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N ews - 2013


British Library - 'Georgians Revealed' Exhibition Trip Review

On Tuesday 12 November 2013, the Benjamin Franklin House team ventured to the British Library for the new ‘Georgians Revealed’ exhibition (running until 11 March 2014) to learn more about the historical context of Benjamin Franklin’s stay in London.

Following an introduction outlining the historical events during the reigns of King George I, II, III and IV, the exhibition focused on developments in popular culture and social life in the period. A number of economic, cultural, and technical developments transformed daily living – with access to inexpensive luxury goods, more information in print (and increased literacy), and improved transportation, and communication. These developments happened simultaneously, building one on the other. It was clearly a period of exciting innovation.

We found it interesting that Georgian Britain gave rise to the mass culture and consumerism with which are familiar today.  So many aspects of life today can be traced to the Georgian era – newspapers, magazines, high-street shopping, fashion, celebrity, and even the National Lottery.  It was a period that also led to the formation of public museums.

The exhibition featured quirky Georgian facts: for instance, many English thoroughbred race horses are descended from a single unbeatable race horse called Eclipse – who, after a 17 month career, enjoyed an amorous retirement. One of the main highlights, however, was the giant floor map of London in the exhibition’s final room – not least because we were able to locate Benjamin Franklin House! 

Our verdict: definitely worth seeing!

By Will Courtley

Posted 10 December 2013


AIM Conservation Grant supported by The Pilgrim Trust

BFH Plaque

In 1869, the (Royal) Society of Arts, originators of what became the popular blue plaque scheme to recognise the lodgings of London’s important past residents, commissioned a large terracotta plate surrounded by a wooden frame to honour Benjamin Franklin, their first international member.  However, they accidentally erected it on the wrong building. 

Prior to two rounds of renumbering and the construction of new buildings on the street, Franklin lived at 7 Craven Street which had become 36 by the late 19th century.  It was affixed incorrectly, however, to the 7 Craven Street of 1869, but this was discovered too late; it was cemented tight.  In the course of investigations, the Clerk of the London County Council proved by consulting City of Westminster rate-books (which tracked annual assessments) that Franklin’s landlady, leaseholder Margaret Stevenson, had lived two doors from Craven Passage on the east side of the street – number 36 – not at the top of the west side, where number 7 was then located.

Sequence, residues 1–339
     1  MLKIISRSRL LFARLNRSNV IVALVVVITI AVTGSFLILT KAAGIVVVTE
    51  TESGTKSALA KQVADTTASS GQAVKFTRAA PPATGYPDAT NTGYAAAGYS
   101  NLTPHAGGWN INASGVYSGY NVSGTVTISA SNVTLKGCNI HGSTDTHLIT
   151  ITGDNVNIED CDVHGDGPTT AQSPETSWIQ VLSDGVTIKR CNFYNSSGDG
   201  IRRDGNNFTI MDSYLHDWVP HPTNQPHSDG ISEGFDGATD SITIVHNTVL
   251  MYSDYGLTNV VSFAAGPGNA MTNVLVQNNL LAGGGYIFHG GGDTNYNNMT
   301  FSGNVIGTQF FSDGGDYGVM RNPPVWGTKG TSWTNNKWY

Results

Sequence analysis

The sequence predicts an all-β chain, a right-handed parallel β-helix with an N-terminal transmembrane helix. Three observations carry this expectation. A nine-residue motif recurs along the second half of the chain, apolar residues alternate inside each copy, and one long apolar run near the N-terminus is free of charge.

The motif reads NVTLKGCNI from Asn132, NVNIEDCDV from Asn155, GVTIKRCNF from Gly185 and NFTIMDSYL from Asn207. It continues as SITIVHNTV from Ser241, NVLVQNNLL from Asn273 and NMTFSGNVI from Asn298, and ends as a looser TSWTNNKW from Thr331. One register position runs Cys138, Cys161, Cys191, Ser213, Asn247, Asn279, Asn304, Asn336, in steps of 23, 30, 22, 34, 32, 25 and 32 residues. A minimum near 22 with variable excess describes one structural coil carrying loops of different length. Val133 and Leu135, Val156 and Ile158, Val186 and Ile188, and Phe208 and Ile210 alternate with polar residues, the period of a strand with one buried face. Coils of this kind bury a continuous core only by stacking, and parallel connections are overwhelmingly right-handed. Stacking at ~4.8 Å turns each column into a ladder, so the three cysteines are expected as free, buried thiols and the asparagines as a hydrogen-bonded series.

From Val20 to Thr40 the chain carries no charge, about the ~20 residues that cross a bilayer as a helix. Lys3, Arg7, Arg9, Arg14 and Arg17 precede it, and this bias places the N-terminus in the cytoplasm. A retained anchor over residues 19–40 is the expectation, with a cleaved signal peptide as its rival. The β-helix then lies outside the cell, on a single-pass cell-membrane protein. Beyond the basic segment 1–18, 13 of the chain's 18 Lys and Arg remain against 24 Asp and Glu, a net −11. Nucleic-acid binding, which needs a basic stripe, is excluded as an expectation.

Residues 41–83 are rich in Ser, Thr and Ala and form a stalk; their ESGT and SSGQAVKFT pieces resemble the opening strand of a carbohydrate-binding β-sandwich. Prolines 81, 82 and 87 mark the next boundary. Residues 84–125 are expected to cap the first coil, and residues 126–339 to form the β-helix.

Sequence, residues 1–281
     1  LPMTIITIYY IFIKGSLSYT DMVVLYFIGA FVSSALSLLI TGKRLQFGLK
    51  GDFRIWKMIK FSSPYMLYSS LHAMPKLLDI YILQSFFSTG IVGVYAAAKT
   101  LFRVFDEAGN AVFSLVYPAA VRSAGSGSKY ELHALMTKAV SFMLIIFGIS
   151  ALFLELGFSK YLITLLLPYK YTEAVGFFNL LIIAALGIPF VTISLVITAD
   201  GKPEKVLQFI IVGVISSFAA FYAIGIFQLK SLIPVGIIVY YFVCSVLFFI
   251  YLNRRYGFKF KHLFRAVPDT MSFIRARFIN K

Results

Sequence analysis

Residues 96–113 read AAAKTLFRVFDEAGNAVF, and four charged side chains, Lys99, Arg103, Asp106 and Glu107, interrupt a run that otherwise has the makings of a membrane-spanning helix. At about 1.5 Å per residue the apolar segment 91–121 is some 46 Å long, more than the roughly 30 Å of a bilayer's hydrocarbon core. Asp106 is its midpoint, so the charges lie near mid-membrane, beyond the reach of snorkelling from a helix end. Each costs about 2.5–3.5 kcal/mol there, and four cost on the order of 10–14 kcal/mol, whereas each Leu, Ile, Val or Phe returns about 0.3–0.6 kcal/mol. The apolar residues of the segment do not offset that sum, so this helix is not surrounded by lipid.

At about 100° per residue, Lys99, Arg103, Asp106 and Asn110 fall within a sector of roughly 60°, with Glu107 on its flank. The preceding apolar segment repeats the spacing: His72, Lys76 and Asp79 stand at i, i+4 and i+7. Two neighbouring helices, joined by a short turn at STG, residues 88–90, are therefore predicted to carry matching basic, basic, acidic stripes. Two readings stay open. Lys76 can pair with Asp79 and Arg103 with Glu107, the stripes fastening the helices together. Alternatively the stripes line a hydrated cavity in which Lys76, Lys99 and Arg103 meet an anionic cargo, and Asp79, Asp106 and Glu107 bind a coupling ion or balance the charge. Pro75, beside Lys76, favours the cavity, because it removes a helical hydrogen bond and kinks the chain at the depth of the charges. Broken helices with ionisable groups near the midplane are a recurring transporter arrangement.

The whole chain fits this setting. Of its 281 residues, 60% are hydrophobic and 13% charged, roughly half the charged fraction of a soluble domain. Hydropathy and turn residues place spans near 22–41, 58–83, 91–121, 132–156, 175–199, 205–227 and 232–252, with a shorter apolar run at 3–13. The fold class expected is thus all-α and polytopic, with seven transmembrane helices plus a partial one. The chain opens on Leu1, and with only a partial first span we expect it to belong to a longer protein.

In 1914, 7 Craven Street was demolished to make way for a restaurant (which no longer stands) and the plaque was finally removed.  It was donated to the London Museum, then at Stafford House, St. James’s, the forerunner to the Museum of London.  In the meantime, the London County Council had put up a new plaque on 36 Craven Street, a bronze scroll and the only one of its kind, to denote Franklin’s only surviving residence anywhere in the world. 

The original plaque eventually came to rest in the Museum of London’s Hackney storehouse where it remained until the Museum kindly donated it to Benjamin Franklin House in 2010.  So now with the original plaque returned there are two plaques on display at the House! 

Thanks to support from AIM Conservation Grant supported by The Pilgrim Trust, heritage specialists Holden Conservation Ltd. were able to restore and mount the original 1869 plaque on one of the House's original interior brick walls. The mortar remnants on the back of the plaque attest to its history of having first found a home on the wrong building! However, for the first time in over 130 years the original plaque is finally displayed where it was always intended.

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William Franklin Lecture at St. Pancras Old Church - 24 November 2013, 12 noon

Benjamin Franklin's illegitimate son, William, served as the last Royal Governor of New Jersey in America. William remained a loyalist during throughout the American War of Independence, while his father became one of the most influential Founding Fathers of the United States. The political differences between father and son caused an irreconcilable rift. William eventually ended up in exile in Britain, where he remained until his death. He was buried in St Pancras Churchyard in London on 25 November 1813.

On Sunday 24 November 2013, at 12 noon, St Pancras Old Church will host a talk about William Franklin. This free bicentennial presentation by Lester Hillman will explore scandal, tragedy, revolution and scientific experiments. Along the way historic links to Lord Camden and to modern-day political activist and singer Paul Robeson will be uncovered.  

Contact St Pancras Old Church History Project for more information.


Sir David Frost

Benjamin Franklin House was saddened to learn the news of Sir David Frost's death on 31 August 2013.  We had the honour of having this distinguished journalist and man of wit and wisdom speak at an event in June 2009 at Washington's Newseum (hosted by our great supporter, the late Robert H. Smith).   Sharing his insight into his life in communications, he held us all in rapt attention.  We were lucky to have met and worked with him.  Our thoughts go out to his family and friends.

Sir David Frost at Benjamin Franklin House Gala in 2009


Lady Reid Lecture - Franklin and Medicine

On 3 June 2013, scholar Lady Reid discussed the connections between Franklin and medicine during a lunch time lecture at the House. Franklin was an ardent supporter of inoculation, he invented a flexible catheter to assist those suffering from bladder stones and he was intrigued by the causes of the common cold. Listen to the full lecture with accompanying slides here.

Posted 16 July 2013


Linking young people on both sides of the Atlantic